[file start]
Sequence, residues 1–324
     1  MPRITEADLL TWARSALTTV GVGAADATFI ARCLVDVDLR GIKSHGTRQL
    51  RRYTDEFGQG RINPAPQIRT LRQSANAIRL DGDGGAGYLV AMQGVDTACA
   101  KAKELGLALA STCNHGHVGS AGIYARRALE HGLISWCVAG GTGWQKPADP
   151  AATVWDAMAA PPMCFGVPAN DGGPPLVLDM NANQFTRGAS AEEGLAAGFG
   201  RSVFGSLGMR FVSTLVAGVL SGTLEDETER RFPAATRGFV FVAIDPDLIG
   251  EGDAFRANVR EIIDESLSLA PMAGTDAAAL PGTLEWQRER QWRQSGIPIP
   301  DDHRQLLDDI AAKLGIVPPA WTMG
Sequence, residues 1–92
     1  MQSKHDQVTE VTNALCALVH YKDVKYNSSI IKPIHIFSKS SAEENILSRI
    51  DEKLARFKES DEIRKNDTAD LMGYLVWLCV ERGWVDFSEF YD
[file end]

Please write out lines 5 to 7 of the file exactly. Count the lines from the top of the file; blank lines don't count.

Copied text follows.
   151  AATVWDAMAA PPMCFGVPAN DGGPPLVLDM NANQFTRGAS AEEGLAAGFG
   201  RSVFGSLGMR FVSTLVAGVL SGTLEDETER RFPAATRGFV FVAIDPDLIG
   251  EGDAFRANVR EIIDESLSLA PMAGTDAAAL PGTLEWQRER QWRQSGIPIP